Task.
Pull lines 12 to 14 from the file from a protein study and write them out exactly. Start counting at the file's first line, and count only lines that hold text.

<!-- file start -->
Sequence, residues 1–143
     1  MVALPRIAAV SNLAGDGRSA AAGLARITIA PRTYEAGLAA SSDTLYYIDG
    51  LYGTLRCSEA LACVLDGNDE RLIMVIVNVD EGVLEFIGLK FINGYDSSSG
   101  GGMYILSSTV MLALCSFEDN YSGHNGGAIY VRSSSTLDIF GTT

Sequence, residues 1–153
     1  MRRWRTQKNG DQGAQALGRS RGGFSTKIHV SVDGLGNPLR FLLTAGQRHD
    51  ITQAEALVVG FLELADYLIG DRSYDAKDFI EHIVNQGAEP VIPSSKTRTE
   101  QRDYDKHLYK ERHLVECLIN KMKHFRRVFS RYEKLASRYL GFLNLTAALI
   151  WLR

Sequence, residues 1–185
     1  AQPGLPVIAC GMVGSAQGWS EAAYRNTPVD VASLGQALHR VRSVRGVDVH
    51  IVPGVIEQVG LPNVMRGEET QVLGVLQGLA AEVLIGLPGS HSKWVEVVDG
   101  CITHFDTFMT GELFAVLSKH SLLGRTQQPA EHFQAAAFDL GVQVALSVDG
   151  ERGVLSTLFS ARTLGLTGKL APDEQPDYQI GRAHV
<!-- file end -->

    51  IVPGVIEQVG LPNVMRGEET QVLGVLQGLA AEVLIGLPGS HSKWVEVVDG
   101  CITHFDTFMT GELFAVLSKH SLLGRTQQPA EHFQAAAFDL GVQVALSVDG
   151  ERGVLSTLFS ARTLGLTGKL APDEQPDYQI GRAHV